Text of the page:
Here is your Paragraph on Kanheri Caves!
The Kanheri Caves are located north of Borivli on the western outskirts of Mumbai. These caves date from 1st century BCE to 9th century CE The earliest are 109 tiny rock-cut cells, carved into the side of a hill.
Unlike the elegant splendor of Elephanta Caves nearby, these are spartan and unadorned.
Each cave has a stone plinth for a bed. A congregation hall with huge stone pillars contains the stupa, a Buddhist shrine. Farther up the hill are the remains of an ancient water system, canals and cisterns that collected and channeled the rainwater into huge tanks.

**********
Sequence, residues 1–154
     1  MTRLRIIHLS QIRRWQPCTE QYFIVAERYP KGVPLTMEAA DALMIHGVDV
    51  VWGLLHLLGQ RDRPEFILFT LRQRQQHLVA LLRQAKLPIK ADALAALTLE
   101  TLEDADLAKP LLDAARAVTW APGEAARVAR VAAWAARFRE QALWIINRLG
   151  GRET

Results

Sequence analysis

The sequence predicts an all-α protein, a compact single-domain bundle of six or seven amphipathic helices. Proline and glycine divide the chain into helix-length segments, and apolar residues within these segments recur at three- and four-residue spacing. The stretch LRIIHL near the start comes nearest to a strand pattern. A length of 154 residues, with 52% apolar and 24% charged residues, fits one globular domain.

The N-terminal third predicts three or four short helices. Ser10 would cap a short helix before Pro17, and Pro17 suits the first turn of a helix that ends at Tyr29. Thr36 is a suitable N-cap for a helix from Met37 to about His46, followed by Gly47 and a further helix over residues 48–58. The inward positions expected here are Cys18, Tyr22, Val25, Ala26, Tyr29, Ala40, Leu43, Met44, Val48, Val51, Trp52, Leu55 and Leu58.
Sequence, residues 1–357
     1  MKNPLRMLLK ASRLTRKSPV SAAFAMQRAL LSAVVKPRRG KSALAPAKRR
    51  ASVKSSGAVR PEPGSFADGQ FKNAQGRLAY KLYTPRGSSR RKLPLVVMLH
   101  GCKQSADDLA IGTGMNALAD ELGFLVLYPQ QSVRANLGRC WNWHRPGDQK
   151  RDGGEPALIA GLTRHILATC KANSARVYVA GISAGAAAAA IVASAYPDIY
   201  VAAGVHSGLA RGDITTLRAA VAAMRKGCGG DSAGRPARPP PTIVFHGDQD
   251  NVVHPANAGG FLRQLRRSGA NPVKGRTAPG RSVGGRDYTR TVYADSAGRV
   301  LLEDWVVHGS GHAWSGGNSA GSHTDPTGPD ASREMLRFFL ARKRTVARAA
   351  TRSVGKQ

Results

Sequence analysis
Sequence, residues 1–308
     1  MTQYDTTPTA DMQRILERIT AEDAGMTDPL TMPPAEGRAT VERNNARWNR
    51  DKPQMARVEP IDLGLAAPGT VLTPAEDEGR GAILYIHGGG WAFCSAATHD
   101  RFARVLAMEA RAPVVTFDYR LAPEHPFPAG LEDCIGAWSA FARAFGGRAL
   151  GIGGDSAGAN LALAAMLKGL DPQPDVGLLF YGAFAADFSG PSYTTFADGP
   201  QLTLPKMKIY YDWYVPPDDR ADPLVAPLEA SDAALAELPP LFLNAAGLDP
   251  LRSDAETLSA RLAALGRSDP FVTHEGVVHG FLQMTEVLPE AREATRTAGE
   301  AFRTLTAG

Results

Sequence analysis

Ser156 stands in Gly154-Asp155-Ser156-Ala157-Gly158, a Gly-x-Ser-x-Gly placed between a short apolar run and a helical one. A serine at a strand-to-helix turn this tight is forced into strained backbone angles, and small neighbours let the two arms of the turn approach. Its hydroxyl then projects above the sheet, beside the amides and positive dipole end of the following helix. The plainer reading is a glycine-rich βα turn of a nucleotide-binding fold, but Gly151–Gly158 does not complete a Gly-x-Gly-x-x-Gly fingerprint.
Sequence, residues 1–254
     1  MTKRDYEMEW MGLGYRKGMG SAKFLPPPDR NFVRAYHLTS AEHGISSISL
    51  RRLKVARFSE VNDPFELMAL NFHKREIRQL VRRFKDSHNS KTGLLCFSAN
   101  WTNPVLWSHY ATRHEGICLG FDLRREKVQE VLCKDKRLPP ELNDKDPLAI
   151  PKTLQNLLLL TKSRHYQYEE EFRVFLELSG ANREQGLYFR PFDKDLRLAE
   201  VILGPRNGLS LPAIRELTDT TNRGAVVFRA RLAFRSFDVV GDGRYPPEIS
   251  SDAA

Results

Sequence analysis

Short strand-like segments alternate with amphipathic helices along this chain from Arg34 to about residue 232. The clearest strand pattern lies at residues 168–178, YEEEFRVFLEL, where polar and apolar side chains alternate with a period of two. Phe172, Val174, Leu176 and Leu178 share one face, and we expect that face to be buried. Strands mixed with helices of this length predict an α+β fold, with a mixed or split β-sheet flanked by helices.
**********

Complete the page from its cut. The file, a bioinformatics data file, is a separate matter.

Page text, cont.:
Once the caves became permanent monasteries, they began to be carved out of the rock with intricate reliefs of Buddha and the Bodhisattvas carved into the walls. Kanheri had become an important Buddhist settlement on the Konkan coast by the 3rd century A.D. Most of the caves are the Buddhist viharas meant for living, study, and meditation.
The larger caves were chaityas, or halls for congregational worship are lined with intricately carved Buddhist sculptures, reliefs and pillars, and contain rock-cut stupas for congregational worship. The Avalokiteshwara is the most distinctive figure.
One hundred inscriptions carved in Brahmi, Devanagari and Pahlavi scripts have been found. The large number of viharas obviously proves a well- organized existence of Buddhist monks’ establishment, which was also connected with many trade centers such as the ports of Sopara, Kalyan, Nasik, Paithan and Ujjain. Kanheri was a University center by the time the area was under the rule of the Maurayan and Kushan empires.